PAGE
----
Facial Sports Injuries

Facial Sports Injuries

When children play sports such as basketball, football or soccer, they are vulnerable to sustaining facial injuries. Most of these injuries can be avoided by wearing protective headwear as well as following safety rules and procedures. However, when your child has an accident, the manner in which you respond can mean the difference between temporary pain and permanent damage.

What are facial sports injuries?

A facial sports injury is any damage that is sustained to the face while playing sports. Children who are engaged in full contact sports such as football, karate, basketball or boxing have a high risk of sustaining injuries to either the face or head. Additionally, any sport which involves a ball being thrown, especially baseball or softball, can also result in serious damage.

Some specific injuries which are typically sustained to the face include a broken nose, busted or cut lip, broken jaw, bruising around the eyes or cuts to the face. Most of these injuries are not life threatening so long as they are treated promptly and thoroughly.

What are the symptoms of facial sports injuries?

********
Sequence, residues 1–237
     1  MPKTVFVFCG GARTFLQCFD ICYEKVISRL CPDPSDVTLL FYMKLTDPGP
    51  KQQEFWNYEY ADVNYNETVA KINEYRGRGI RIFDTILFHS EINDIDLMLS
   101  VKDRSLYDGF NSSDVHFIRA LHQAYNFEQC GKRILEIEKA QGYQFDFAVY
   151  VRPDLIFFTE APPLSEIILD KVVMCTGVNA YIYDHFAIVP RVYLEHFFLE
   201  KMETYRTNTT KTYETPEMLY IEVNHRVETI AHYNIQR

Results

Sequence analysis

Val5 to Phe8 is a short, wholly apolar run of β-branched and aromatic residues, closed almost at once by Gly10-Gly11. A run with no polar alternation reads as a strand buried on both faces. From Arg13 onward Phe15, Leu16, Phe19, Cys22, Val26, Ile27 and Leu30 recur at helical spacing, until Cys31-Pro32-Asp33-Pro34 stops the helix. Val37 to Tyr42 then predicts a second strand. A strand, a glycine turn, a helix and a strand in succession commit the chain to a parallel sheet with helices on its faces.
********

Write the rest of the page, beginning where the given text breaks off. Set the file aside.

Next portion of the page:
When someone suffers from a sports injury, there are a number of symptoms they will display. While some of these are mild, others are serious. Swelling should always be taken seriously as it could mask an injury that is severe. Some symptoms to watch for include:

  • Broken bones and fractures to the face
  • Numbness in the face or cheeks
  • Vision becomes blurred
  • Nose bleeds
  • Inability to close or use mouth correctly

How is the diagnosis established?

A child who sustains injuries to face while playing sports should be taken to the doctor immediately. Dr. Samadi will evaluate the child and apply ice packs as well as ensuring that their head is elevated to alleviate swelling. He will also conduct X-rays to determine if any fractures are present in the face. If there appears to be damage to the eyes, he will refer the child to an ophthalmologist. If the mouth, jaw or teeth have been injured, he may refer the child to a surgeon.

How are facial sports injuries treated?

There are a variety of different injuries that can be sustained to the face, and the facial sports injury treatment will depend on the nature of the damage. Injuries to the soft tissue such as cuts, scrapes or bruises are often a result of damage sustained in sports such as skiing, bicycling or soccer. Minor injuries can be treated a home, but children with severe injuries to their soft tissue should be referred to ENT for Children for assistance.

Deep cuts and lacerations must be washed to get rid of foreign material, and the child may also be given stitches along with antibiotics. Broken bones or fractures in the face will frequently need to be repaired surgically. Depending on the extent of the injury, it could take from six to the twelve months for the child to heal. Facial injuries can be complex, and should your child sustain them, you should contact us for assistance.